In order to prove liability in a personal injury case, a victim must prove that the at-fault individual acted negligently. Negligence is any behavior that falls below the standard of care expected of a reasonable person and causes harm to another person.
A claim of negligence requires four elements to be proven by the injured party. The plaintiff must first demonstrate that the defendant owed a duty, or obligation, recognized by the law, requiring the defendant to conform to a certain standard of conduct, for the protection of others against unreasonable risks. Second, the plaintiff must establish that the defendant failed to conform to that duty. Third, there must be a reasonably close causal connection between the nonconforming conduct and the resulting injury to the plaintiff. Fourth, the plaintiff must demonstrate some actual harm.
What is the Standard of Care?
An essential element of a cause of action based on negligence is the breach of a minimum standard of care. If a defendant falls below this standard of care and causes injury to another, he may be liable for his negligent conduct. Once a duty of care has been established, the standard that the person owing the duty must have met in the case to avoid liability must be determined. Generally, the standard is always that care which a reasonably prudent person should use under like circumstances, which is, ordinary and reasonable care. If a person exercised reasonable and ordinary care to protect another from harm or acted with the degree of care and caution that an ordinarily prudent person would exercise under similar circumstances and surroundings, then the person has not violated any duty to another.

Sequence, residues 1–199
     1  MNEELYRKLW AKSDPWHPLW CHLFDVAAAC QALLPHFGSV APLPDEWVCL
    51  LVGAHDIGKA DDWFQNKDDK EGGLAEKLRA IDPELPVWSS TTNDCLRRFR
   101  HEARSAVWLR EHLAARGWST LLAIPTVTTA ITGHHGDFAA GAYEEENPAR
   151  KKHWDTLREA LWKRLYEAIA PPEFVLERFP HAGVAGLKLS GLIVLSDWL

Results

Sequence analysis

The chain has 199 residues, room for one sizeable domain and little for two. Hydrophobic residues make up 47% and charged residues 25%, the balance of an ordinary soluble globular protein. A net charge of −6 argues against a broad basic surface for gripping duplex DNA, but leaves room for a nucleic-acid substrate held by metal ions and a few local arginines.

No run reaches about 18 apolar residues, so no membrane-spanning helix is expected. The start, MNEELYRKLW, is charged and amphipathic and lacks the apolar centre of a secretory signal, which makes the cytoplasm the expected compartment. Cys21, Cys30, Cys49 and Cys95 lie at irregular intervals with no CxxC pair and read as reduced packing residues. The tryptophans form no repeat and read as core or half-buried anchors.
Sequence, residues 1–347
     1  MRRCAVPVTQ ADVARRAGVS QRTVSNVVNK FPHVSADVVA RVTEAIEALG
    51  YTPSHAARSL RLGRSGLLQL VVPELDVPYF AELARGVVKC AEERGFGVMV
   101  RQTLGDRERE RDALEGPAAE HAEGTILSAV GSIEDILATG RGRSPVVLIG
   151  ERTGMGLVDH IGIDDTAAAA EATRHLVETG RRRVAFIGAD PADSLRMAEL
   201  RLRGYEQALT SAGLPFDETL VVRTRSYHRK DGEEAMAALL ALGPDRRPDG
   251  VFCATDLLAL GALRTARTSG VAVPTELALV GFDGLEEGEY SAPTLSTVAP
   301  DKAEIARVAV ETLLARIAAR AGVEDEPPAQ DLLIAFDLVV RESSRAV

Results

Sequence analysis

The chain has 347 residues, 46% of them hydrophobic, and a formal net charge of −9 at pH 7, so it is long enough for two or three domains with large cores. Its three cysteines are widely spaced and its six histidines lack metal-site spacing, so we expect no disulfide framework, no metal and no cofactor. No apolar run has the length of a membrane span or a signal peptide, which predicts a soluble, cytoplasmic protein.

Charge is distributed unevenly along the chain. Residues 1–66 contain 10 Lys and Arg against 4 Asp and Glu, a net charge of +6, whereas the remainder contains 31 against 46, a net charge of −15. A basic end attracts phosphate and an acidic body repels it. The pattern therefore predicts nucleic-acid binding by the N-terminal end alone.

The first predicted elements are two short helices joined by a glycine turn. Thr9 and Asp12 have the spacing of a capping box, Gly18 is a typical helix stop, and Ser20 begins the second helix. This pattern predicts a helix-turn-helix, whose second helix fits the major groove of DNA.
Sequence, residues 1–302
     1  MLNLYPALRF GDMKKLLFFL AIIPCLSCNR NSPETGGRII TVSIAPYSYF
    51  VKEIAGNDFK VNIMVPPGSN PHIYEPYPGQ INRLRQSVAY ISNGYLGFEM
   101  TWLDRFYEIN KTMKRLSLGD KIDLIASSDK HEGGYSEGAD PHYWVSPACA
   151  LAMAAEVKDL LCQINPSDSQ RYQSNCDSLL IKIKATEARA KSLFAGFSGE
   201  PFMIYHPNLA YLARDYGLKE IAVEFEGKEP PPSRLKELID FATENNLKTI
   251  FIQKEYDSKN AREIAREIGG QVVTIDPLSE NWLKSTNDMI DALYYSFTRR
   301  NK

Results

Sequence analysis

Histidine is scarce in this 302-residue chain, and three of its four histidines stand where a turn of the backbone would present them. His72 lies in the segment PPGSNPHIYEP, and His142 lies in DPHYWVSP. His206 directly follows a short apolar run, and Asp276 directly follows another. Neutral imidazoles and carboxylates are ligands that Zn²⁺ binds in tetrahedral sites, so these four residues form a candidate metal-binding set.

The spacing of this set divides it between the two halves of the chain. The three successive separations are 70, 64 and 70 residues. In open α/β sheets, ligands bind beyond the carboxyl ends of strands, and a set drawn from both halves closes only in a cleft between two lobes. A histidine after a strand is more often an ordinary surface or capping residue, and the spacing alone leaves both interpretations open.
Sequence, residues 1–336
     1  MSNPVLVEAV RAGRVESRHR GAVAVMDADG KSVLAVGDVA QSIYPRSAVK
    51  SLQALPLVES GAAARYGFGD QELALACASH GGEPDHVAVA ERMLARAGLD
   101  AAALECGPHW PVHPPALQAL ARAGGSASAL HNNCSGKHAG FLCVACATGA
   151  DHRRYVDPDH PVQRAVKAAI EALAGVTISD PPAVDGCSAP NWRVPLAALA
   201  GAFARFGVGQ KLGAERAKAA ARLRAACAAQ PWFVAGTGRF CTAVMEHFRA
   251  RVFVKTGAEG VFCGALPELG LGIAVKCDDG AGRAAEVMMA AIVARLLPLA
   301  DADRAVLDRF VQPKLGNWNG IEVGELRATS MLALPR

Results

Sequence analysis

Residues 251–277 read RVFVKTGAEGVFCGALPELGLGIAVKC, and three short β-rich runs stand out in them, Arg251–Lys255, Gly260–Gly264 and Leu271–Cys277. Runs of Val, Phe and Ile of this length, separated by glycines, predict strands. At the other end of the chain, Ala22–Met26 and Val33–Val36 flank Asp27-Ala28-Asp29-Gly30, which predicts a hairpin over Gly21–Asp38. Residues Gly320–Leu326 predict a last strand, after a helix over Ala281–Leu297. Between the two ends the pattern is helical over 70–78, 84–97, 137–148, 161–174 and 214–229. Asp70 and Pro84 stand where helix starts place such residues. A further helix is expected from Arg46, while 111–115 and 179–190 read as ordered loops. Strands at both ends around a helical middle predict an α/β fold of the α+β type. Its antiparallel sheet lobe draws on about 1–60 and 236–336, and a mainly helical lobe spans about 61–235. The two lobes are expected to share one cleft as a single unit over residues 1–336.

What about Negligence Per Se?
Violations of statutes or ordinances may be either negligence per se or evidence of negligence. A negligence per se claim is appropriate under Florida law when there is a violation of a statute which establishes a duty to take precautions to protect a particular class of persons from a particular injury or type of injury; however, the plaintiff must establish that she is of the class the statute was intended to protect, that she suffered injury of the type the statute was designed to prevent, and that the violation of the statute was the proximate cause of her injury. However, not every violation of a statute or rule establishes negligence per se under Florida law; if a statute only protects the public at large, a violation may be used only as evidence of negligence.
After any type of crash, you should consider talking to a car accident lawyer to learn what your rights and obligations are under the law. Let the personal injury attorneys at Suarez & Montero review the circumstances of your case and discuss your legal options. Our attorneys are ready to provide proven legal representation in pursuing your claim and stand ready to protect your rights.
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